LONDON – Cell therapy specialist Reneuron Group plc has sealed a Chinese commercialization and marketing deal, agreeing to an exclusive license for both its CTX treatment for disability caused by stroke and hRPC for treating retinitis pigmentosa, with Shanghai Fosun Pharmaceutical Industrial Development Co. Ltd.
The agreement will see Fosun Pharma fully funding development of CTX and hRPC in China, while Reneuron is in line for up-front, regulatory and in market milestones payments estimated at $104.8 million. In addition, the company is eligible for tiered royalties at rates between 12% and 14% on sales.
The deal is both a validation of Reneuron's technology and a demonstration of the increasing commercial viability of cell therapy, said Michael Hunt, chief financial officer. "The deal did not happen overnight and it is gratifying Fosun [has] chosen to license both products. It validates the technology and also contributes to financing of the company in the short term," he told BioWorld.
This is the first-ever out-licensing deal for Reneuron, which has been plugging away at CTX, an off-the-shelf, cryopreserved allogeneic product based on fetally-derived neural stem cells, since it was spun out of King's College London in 1997.
Shares in the Bridgend, Wales-based company (LON:REN) rose by 31.28% to £2.24 (US$2.92) on the announcement.
Changing regulatory landscape
Regulation of cell therapies in China was lax in the past, with the responsibility for oversight resting with the Ministry of Health, which had a brief to encourage research, whilst rooting out rogue stem cell clinics. There was no clear path to national regulatory approval.
The situation is now changing, with the National Medical Product Administration (NMPA, formerly the CFDA), setting out new principles for the approval of clinical trials for cell therapies at the start of last year, as part of its effort to set higher standards and bring China closer into line with international regulatory standards. (See BioWorld, Jan. 10, 2018.)
That laid out a route for national approvals for cell therapies. Hunt said Reneuron did some initial scouting and believes that while the regulatory scene is robust, help is needed to navigate it. "That's partly why we chose Fosun, as a responsible and significant player in China, that knows its way round the regulatory framework," said Hunt.
Fosun already has started to make its mark in cell and gene therapy, securing NMPA approval for a phase I trial of Kite Pharma Inc.'s Yescarta (axicabtagene ciloleucel) in the treatment of large B-cell lymphoma, in September last year. (See BioWorld, Sept. 19, 2018.)
The product, designated FKC-876 in China, is being developed by Fosun Kite Biotechnology Ltd., a joint venture set up by Fosun and Kite (now part of Gilead Inc.) in January 2017.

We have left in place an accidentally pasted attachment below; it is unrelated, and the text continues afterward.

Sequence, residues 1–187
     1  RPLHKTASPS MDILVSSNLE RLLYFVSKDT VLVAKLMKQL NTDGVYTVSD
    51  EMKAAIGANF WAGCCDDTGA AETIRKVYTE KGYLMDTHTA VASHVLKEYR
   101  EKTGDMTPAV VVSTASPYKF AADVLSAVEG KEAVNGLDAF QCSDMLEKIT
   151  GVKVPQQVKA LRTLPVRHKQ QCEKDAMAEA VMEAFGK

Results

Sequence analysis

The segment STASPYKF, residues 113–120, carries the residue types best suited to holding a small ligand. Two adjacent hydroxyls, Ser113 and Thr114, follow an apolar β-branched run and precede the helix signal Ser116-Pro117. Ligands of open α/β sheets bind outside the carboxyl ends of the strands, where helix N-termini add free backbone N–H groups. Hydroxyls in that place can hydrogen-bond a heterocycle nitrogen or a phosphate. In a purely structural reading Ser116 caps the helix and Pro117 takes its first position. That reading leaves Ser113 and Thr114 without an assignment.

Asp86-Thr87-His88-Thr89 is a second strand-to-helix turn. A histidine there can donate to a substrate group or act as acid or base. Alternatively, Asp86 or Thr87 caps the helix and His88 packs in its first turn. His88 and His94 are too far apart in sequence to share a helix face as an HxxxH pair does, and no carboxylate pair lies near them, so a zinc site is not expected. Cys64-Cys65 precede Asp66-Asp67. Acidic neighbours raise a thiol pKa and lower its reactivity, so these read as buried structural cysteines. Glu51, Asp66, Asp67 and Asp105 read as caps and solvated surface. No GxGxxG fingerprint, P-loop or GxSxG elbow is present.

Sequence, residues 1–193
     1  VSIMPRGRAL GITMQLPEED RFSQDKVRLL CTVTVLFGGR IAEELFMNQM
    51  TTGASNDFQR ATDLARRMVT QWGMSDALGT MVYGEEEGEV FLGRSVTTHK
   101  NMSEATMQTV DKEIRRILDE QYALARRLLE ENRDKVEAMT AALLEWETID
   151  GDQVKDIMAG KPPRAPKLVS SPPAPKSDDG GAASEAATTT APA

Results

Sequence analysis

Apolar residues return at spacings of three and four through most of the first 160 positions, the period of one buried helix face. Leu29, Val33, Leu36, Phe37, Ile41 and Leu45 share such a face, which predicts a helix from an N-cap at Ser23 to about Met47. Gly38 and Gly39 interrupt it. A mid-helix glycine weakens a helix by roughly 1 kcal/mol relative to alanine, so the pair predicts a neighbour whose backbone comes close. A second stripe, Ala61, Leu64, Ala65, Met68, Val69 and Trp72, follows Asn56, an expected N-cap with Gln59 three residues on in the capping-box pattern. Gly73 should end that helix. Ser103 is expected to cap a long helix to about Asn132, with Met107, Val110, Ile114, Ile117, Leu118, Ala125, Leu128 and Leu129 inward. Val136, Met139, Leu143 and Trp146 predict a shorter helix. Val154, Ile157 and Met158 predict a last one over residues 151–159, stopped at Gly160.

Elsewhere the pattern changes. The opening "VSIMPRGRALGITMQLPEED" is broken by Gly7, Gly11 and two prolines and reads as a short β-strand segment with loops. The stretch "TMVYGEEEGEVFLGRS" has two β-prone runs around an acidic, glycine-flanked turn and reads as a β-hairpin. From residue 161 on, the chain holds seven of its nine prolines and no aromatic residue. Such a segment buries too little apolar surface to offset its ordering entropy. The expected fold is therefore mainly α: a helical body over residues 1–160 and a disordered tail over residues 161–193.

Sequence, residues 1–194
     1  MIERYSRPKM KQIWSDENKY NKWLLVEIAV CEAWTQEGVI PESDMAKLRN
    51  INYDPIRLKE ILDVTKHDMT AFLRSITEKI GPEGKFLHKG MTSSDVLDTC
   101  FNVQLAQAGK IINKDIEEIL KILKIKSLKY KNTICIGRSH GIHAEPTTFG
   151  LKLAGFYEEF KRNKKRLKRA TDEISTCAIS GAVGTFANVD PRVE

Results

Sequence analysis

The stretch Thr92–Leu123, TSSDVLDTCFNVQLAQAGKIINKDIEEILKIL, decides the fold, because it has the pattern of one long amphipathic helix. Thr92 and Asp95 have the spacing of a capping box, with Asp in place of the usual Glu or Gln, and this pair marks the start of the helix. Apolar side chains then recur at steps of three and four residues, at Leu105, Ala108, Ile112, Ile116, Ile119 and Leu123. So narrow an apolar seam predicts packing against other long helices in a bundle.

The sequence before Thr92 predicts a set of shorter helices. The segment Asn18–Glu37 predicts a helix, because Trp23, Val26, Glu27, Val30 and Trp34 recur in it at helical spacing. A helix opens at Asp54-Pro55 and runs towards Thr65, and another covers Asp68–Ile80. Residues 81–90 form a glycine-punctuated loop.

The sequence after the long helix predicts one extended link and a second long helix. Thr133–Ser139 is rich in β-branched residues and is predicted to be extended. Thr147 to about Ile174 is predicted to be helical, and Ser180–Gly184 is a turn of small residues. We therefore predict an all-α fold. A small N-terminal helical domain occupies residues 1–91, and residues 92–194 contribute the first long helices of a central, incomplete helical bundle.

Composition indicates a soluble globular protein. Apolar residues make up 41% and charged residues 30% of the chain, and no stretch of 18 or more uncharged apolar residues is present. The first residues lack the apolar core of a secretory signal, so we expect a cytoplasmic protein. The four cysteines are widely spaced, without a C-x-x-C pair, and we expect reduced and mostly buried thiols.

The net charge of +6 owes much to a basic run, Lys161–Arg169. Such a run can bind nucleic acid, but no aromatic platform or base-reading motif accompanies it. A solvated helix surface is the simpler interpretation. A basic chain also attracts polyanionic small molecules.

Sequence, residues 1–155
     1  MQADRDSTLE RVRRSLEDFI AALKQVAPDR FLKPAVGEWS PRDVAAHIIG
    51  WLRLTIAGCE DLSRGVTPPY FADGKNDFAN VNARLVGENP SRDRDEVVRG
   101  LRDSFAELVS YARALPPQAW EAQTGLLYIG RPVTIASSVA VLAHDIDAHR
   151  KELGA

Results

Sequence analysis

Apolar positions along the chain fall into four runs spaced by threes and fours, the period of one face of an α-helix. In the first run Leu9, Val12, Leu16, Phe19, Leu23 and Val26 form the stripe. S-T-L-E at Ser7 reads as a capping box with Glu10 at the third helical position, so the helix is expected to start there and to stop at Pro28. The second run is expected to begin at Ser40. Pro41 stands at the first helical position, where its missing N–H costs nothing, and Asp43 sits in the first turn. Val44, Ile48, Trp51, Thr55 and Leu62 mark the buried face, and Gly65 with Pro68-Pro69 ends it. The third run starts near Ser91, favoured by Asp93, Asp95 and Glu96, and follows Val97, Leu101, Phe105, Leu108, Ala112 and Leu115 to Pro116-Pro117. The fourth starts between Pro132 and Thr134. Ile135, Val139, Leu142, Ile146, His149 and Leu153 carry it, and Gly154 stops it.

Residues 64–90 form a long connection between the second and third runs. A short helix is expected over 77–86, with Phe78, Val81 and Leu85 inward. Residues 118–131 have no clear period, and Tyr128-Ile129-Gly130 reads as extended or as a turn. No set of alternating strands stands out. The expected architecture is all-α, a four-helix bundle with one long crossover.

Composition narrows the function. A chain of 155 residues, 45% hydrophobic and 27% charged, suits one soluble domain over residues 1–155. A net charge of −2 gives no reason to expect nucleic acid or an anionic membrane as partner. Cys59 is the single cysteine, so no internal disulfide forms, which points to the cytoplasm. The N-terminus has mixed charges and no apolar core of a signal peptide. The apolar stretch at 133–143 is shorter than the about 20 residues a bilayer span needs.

The collaboration with Reneuron will help Fosun build its position in cell therapy in China, said Yifang Wu, president and CEO of Fosun. "The licensed products and unique stem cell platforms will bring a lot of strategic synergies with our current business, addressing huge unmet needs in the Chinese market," he said.
Having signed the agreement, the two companies have to set out a detailed plan for taking the products forward. "The mechanism is in place, but we have no idea how long it will take to get clinical development underway," Hunt said.
Fosun will need to treat patients in China and will take on manufacturing for its home market; however, Reneuron will be responsible for supplying CTX and hRPC cells to Fosun until technology transfer is complete.
Clinical development of CTX took a significant step forward at the start of 2019, when the first patient was treated in the U.S. phase IIb study. The placebo-controlled trial will involve 110 patients who are in a stable condition six to 12 months after having a stroke. Patients in the active arm will receive a dose of 20 million CTX cells injected into the brain.
The primary endpoint is a reduction in disability and dependency at six months post treatment. Top-line results are expected early in 2020.
To date, CTX has been administered to 34 patients in two U.K. trials. In the single-arm phase II, all 23 patients showed clinically relevant improvements.
In its retinitis pigmentosa program, Reneuron last week reported the positive effect seen in the first cohort of three patients in the U.S. phase I part of the study of hRPC has been sustained in the first patient cohort in the phase II part of the trial.
All three of the phase I cohort had a rapid and significant improvement in vision and on average were able to read an additional three lines of five letters on EDTRS, a standardized eye chart for measuring measure visual acuity.